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Old 17-06-2006, 04:57 AM   Attended an OMGWTFKKWBBQ! Officer #19
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Originally Posted by Flightfreak
First of all it's pretty important that you have some understanding of the greenhouse effect. The greenhouse effect is the natural process by which the atmosphere traps some of the Sun's energy, warming the Earth enough to support life. Most mainstream scientists believe a human-driven increase in "greenhouse gases" is increasing the effect artificially. These gases include carbon dioxide, emitted by fossil fuel burning and deforestation, and methane, released from rice paddies and landfill sites.
So what is your solution? Cut down all the trees? If Al Gore is to be believed, the problem lies within the carbon dioxide. His argument, which from your above response sounds like you would agree, is that the greenhouse effect is causing the heat from the sun to be trapped within the atmosphere, thus heating up the earth and causing "global warming." This idea has too many holes. One being: what grows when it gets warmer? Algae. What does algae do? It sucks up the CO2. So what's the problem?

Here is a quote from an article that cites Professor Tim Patterson, a paleoclimatologist from Carleton University: when CO2 levels were over ten times higher than they are now, about 450 million years ago, the planet was in the depths of the absolute coldest period in the last half billion years." Patterson asked the committee, "On the basis of this evidence, how could anyone still believe that the recent relatively small increase in CO2 levels would be the major cause of the past century's modest warming?"

Something what most people don’t understand is that global warming is not something straight, it is exponential. For that reason, the smallest influence we have on a complex system as the world’s climate has far-reaching consequences.
What scientific study points to that? We can't even control the effects of the coyote-elk population in Yellowstone National Park. How the fuck can scientists accurately predict the temperature in fifty years, or what will happen when and if the average temperature of the earth rises a few degrees.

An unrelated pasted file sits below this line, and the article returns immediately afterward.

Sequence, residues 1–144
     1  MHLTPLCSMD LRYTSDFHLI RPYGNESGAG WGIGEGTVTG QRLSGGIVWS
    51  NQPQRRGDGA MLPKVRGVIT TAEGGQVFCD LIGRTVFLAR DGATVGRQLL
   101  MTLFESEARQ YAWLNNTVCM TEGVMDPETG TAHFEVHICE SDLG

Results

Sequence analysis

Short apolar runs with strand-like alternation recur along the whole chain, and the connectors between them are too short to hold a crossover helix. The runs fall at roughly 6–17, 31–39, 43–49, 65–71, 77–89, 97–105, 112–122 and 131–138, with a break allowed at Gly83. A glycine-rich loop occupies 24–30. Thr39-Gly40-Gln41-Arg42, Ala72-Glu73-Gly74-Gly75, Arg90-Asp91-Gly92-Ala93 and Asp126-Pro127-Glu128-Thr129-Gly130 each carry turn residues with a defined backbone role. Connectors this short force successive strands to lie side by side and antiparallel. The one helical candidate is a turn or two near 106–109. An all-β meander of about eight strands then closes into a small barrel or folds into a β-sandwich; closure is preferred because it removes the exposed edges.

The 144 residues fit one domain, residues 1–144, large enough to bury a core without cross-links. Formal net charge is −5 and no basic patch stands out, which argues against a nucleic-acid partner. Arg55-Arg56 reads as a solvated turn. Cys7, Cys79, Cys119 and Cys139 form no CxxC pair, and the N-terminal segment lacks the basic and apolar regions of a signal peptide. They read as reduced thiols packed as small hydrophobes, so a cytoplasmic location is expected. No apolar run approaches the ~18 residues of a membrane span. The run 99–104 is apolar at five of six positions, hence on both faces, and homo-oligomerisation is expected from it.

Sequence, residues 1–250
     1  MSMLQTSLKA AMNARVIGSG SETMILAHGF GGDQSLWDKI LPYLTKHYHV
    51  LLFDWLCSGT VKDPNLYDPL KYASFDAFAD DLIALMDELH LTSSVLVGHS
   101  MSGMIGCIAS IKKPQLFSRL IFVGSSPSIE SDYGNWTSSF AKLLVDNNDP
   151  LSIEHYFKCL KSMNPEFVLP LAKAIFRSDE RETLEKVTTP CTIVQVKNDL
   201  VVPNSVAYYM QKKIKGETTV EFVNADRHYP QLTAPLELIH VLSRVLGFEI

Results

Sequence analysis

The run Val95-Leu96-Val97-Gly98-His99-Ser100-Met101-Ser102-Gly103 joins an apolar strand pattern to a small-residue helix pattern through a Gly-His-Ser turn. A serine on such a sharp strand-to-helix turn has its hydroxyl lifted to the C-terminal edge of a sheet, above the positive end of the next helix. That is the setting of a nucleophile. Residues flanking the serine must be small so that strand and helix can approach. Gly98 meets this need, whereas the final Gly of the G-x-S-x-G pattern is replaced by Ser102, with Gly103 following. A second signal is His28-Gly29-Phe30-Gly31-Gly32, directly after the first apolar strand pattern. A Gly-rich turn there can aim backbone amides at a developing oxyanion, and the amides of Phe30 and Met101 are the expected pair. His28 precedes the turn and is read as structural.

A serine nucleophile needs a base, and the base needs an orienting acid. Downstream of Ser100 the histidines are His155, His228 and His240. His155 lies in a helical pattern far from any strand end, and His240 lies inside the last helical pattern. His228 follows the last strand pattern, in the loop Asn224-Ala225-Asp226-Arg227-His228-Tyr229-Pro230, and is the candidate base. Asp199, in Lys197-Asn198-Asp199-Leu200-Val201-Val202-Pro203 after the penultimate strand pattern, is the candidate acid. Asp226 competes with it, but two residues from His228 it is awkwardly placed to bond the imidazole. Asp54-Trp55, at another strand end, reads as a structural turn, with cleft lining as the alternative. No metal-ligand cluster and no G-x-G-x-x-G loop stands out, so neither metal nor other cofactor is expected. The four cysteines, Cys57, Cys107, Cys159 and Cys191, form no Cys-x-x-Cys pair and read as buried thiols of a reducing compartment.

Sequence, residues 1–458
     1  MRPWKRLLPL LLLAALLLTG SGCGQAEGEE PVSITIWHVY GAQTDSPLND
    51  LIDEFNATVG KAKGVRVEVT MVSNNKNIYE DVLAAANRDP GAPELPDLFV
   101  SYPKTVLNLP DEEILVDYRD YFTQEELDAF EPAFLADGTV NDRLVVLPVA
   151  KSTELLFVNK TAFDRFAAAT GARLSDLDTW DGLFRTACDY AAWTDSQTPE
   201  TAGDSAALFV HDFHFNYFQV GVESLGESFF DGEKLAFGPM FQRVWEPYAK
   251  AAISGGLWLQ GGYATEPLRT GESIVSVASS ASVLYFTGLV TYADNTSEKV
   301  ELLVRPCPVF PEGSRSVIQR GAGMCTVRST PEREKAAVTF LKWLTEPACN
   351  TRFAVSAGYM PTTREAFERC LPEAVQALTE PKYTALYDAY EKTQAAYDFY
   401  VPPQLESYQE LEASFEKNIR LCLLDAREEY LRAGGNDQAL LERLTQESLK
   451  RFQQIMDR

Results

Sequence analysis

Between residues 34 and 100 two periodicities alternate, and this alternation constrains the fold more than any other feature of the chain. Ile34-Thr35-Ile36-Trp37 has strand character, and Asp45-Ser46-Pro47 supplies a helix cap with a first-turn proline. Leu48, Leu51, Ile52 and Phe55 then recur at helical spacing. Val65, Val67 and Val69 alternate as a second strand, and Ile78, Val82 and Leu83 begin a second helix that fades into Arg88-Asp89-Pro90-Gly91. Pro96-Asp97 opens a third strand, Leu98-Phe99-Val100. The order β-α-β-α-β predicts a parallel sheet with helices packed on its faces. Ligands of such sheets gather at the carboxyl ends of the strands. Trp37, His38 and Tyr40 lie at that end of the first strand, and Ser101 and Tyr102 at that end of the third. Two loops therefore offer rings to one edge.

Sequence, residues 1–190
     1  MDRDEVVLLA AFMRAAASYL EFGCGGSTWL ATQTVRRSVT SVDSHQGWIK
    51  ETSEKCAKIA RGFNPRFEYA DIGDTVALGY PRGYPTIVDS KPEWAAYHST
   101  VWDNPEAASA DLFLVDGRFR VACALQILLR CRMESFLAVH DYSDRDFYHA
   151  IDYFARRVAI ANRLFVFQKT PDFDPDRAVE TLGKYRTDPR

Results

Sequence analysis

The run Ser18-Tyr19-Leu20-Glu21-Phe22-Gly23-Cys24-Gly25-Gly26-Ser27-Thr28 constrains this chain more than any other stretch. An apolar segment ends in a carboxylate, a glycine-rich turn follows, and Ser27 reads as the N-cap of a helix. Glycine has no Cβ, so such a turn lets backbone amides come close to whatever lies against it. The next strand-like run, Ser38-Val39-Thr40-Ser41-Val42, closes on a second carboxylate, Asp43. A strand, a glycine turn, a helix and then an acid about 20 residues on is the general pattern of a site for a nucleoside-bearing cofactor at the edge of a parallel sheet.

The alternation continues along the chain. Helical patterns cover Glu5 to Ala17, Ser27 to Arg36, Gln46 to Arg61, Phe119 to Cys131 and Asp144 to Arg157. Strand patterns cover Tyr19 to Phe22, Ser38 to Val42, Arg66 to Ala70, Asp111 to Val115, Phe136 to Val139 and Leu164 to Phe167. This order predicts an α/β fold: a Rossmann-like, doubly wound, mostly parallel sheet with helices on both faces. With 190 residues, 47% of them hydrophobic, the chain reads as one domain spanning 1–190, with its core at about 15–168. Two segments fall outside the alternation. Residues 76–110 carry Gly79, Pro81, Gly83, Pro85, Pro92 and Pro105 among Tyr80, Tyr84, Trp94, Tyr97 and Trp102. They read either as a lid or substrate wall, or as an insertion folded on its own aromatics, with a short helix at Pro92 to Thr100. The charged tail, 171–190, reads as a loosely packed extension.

For example, when the upper water layers of an ocean warm up more, they mix up less good with the layers from below, which means that there will be less feeding substances in the top layer that can take up carbon dioxide (CO2) by photosynthesis.
But the warmer weather means longer growing season, so nature, as it has in the past, can easily balance itself out to make up for the lack of initial nutrients provided to the algae or whatever else on the surface of the water.

For example, the icecaps reflect the light back to the atmosphere, but when the ice melts, what is happening all over the world, decreasing ice cover will mean exposed land absorbs more heat and speeds up warming further.
Melting icecaps can mean more moisture in the air, right? More moisture can mean more clouds.... So isn't it possible that the increased number of clouds will reflect the sunlight? If that's the case, the water won't heat up. We don't know that won't happen any more than we know it will.

The latest reports on increased levels of glacial discharge, in the journal Science, reports the amount of ice being dumped into the ocean from the Greenland Ice Sheet has doubled in the last 5 years. Scientists had thought that global warming did not yet significantly threaten the ice sheet and it would take over a thousand years to break down.
A full breakdown would result in a catastrophic global sea level rise of 7 meters. That's bye-bye most of Bangladesh, Netherlands, Florida and would make London the new Atlantis.
Says Dr. Boris Winterhalter, former marine researcher at the Geological Survey of Finland and professor in marine geology, University of Helsinki: "The breaking glacier wall is a normally occurring phenomenon which is due to the normal advance of a glacier. In Antarctica the temperature is low enough to prohibit melting of the ice front, so if the ice is grounded, it has to break off in beautiful ice cascades. If the water is deep enough icebergs will form."
He's not the only one who thinks that:
Dr. Wibjörn Karlén, emeritus professor, Dept. of Physical Geography and Quaternary Geology, Stockholm University, Sweden, admits, "Some small areas in the Antarctic Peninsula have broken up recently, just like it has done back in time. The temperature in this part of Antarctica has increased recently, probably because of a small change in the position of the low pressure systems."

But Karlén clarifies that the 'mass balance' of Antarctica is positive - more snow is accumulating than melting off. As a result, Ball explains, there is an increase in the 'calving' of icebergs as the ice dome of Antarctica is growing and flowing to the oceans. When Greenland and Antarctica are assessed together, "their mass balance is considered to possibly increase the sea level by 0.03 mm/year - not much of an effect," Karlén concludes.

The Antarctica has survived warm and cold events over millions of years. A meltdown is simply not a realistic scenario in the foreseeable future.

you're entitled to have your opinion of course but i doubt you'll be able to refute the more and more upcoming evidence provided by scientists all over the world who spent their days and billions of dollars investigating this matter.
Try me. I think if I got enough people with titles and so called status to tell you that the moon is made of cheese, you'd believe that in a heartbeat. Oh, but that's just silly isn't it?

I'll be back later...this topic is awesome, let's keep it going.
~* Kelsey *~

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